Part 2, Module 2: Sole Custody and Joint Custody
Module 2: Sole Custody and Joint Custody
A parent has legal custody of a child when she is responsible for making major life decisions for the child. A parent has physical custody when she is the primary caretaker for the child and the child lives with her on a regular basis. Either custody type may be sole or joint. The primary factor behind any custody determination is the best interest of the child.
In this module we continue our study of custody. Specifically, we’ll break custody down further and explore the differences between sole and joint custody and will present and analyze the factors a court uses to make a sole or joint custody determination.
Let’s begin by examining sole legal custody and sole physical custody, which occurs when one parent is granted custody to the exclusion of the other. The custodial parent has the right to make decisions regarding the child and the custodial parent is responsible for the child’s affairs, behavior and well-being. One example of a decision made by a parent who exercises sole legal custody is whether the child will follow a specific religion. She can make such a decision without consulting the other parent or acquiring his approval or consent to these decisions. The other parent has no legal authority to make a binding decision for the child.
A court may award one parent sole legal custody when the parents are unable to communicate without conflict. Another common scenario in which a court may award one parent sole legal custody is when the other parent is unfit to make major decisions regarding the child. A parent can be considered “unfit” when there’s a history of neglect or abuse that adversely impacts the child’s well-being or when the parent has a history of alcohol or drug abuse.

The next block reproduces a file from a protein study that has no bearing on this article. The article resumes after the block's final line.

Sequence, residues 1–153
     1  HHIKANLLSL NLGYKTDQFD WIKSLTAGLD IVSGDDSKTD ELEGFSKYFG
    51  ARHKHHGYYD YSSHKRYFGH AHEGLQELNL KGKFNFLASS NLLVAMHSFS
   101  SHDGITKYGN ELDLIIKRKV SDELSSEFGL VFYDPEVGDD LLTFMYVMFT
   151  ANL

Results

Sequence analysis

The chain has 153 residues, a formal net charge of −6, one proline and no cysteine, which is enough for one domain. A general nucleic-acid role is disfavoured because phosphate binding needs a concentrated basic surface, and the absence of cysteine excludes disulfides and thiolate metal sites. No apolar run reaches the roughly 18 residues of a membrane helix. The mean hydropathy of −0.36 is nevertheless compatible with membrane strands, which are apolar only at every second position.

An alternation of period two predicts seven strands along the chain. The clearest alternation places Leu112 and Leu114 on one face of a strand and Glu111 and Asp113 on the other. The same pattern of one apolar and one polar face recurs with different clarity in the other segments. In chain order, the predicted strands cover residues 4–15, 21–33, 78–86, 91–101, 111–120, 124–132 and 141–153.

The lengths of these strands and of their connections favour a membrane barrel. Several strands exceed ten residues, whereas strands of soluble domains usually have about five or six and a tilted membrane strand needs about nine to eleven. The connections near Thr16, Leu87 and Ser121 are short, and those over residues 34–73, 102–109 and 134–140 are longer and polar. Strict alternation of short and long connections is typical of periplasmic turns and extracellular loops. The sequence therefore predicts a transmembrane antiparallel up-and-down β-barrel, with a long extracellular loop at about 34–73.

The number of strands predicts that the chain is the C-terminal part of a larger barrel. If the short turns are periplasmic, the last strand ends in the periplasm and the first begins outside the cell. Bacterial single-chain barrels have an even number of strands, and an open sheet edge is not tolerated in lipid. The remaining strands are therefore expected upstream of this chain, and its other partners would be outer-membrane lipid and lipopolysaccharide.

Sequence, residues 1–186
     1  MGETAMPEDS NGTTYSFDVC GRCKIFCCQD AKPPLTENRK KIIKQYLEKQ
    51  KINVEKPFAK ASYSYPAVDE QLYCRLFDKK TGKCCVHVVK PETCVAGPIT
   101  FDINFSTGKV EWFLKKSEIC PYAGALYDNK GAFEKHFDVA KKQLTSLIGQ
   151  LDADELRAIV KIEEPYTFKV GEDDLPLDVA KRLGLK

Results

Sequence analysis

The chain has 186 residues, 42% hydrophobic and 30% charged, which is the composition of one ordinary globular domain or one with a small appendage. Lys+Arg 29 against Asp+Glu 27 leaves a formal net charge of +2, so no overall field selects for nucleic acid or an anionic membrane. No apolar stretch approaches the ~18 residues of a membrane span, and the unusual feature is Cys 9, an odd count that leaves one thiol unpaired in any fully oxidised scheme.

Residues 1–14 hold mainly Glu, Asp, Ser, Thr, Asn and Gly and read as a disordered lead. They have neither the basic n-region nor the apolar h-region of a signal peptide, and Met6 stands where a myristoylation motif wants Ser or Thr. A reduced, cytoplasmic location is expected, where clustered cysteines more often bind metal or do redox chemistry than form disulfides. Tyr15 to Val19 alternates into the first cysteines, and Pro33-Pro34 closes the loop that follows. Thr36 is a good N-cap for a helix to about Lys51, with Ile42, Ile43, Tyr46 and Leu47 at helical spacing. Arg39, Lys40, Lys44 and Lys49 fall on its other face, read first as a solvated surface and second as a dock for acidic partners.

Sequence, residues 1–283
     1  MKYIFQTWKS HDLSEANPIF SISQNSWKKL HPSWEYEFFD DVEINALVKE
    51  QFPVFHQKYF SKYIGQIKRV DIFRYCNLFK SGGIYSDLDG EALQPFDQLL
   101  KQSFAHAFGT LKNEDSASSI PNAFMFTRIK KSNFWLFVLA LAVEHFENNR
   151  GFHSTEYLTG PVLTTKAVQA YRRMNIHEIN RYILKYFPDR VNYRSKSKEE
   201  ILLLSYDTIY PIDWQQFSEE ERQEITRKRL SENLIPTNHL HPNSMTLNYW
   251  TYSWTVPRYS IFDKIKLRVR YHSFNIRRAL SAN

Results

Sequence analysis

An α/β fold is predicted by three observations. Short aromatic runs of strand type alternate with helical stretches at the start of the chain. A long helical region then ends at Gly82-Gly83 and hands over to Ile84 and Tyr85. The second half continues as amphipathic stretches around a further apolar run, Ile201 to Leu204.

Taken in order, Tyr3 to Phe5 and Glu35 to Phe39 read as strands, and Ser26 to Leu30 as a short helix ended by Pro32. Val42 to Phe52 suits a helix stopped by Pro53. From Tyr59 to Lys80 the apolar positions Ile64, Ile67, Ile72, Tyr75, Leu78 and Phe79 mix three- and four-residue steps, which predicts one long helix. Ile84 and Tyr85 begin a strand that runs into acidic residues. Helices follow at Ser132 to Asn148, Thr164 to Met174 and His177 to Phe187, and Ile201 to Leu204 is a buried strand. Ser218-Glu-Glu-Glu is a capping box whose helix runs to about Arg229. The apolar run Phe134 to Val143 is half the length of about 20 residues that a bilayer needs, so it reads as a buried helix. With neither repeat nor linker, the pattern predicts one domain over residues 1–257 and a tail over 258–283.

Other factors that can affect a judge’s decision to grant one parent sole legal custody include:
· the physical distance between the parents; and
· whether the other parent has an active role in the child’s day-to-day life.
When a court awards one parent sole physical custody, that parent has the right to be the child’s primary caretaker, decide where the child will live and make arrangements to ensure the child has adequate shelter and a stable environment. A simple way to differentiate legal custody from physical custody is that physical custody affects where the child lives while legal custody affects how the child lives.
It’s common for one parent to have sole physical custody but for both parents to exercise joint legal custody. When a court grants sole physical custody to a parent, it will almost always award the non-custodial parent visitation rights to see the child and will typically require the non-custodial parent to pay child support to the custodial parent.
Awarding sole custody has several potential disadvantages. One negative aspect of sole custody is that the non-custodial parent is likely to feel left out and his relationship with his child may suffer. Second, the child may feel cheated out of a full relationship with his non-custodial parent. Finally, all responsibility for taking care of the child falls on the single parent, which can be emotionally and financially draining.
Joint Legal Custody
Now, let’s move to joint custody, where each parent will have an important role in the child’s upbringing. Since the early 1980s, most states have enacted laws supporting joint custody arrangements between divorcing spouses, basing this legislation on studies and research demonstrating greater benefits for a child if she has both parents involved in her life. For example, one 2015 study found that children in a joint physical custody arrangement suffered from less psychosomatic problems than those living mostly, or only, with one parent.